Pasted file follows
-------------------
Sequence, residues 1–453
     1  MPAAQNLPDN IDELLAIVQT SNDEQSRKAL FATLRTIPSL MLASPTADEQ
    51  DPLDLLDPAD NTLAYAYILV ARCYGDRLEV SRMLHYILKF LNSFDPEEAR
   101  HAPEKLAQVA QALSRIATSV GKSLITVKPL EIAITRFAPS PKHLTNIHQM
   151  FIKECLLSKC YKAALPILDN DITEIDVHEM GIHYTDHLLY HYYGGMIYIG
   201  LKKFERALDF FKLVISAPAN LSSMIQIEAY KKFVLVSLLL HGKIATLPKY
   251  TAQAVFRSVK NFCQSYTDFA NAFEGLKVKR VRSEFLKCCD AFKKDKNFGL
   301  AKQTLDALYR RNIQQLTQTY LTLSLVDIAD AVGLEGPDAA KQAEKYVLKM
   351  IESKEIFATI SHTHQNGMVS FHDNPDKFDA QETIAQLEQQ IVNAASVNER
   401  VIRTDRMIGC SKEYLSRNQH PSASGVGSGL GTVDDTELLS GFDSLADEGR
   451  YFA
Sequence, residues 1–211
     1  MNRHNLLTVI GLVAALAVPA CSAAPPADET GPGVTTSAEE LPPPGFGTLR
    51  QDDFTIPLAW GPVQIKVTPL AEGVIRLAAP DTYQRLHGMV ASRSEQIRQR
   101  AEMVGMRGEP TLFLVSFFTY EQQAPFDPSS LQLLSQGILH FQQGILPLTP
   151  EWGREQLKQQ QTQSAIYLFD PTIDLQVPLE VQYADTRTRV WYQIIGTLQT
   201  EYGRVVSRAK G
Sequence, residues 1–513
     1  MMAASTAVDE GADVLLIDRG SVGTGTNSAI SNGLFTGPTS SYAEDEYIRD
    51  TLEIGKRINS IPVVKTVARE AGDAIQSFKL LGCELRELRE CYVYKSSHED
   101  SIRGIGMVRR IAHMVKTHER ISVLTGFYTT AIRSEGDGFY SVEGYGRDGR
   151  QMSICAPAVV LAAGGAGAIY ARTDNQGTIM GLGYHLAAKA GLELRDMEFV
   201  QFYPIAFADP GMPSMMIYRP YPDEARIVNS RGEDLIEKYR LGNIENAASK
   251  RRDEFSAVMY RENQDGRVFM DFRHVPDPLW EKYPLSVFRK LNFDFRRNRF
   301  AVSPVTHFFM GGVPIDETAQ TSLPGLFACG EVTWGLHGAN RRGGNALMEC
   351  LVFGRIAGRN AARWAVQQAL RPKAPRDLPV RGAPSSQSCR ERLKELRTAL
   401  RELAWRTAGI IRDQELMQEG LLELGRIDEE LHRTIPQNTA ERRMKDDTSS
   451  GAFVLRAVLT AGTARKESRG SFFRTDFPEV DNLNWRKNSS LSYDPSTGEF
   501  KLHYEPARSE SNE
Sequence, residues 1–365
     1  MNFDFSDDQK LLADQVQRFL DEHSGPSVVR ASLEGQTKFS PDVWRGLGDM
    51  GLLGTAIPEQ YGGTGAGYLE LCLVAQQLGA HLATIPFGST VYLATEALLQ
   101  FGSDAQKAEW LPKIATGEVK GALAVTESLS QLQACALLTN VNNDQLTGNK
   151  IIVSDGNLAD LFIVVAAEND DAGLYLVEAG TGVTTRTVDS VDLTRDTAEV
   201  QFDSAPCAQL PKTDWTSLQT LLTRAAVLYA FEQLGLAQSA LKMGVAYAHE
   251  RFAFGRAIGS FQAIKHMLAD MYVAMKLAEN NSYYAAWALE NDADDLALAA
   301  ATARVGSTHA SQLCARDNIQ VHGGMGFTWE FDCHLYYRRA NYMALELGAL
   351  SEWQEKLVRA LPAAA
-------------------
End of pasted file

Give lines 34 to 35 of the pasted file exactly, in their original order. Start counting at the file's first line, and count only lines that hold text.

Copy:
   151  IIVSDGNLAD LFIVVAAEND DAGLYLVEAG TGVTTRTVDS VDLTRDTAEV
   201  QFDSAPCAQL PKTDWTSLQT LLTRAAVLYA FEQLGLAQSA LKMGVAYAHE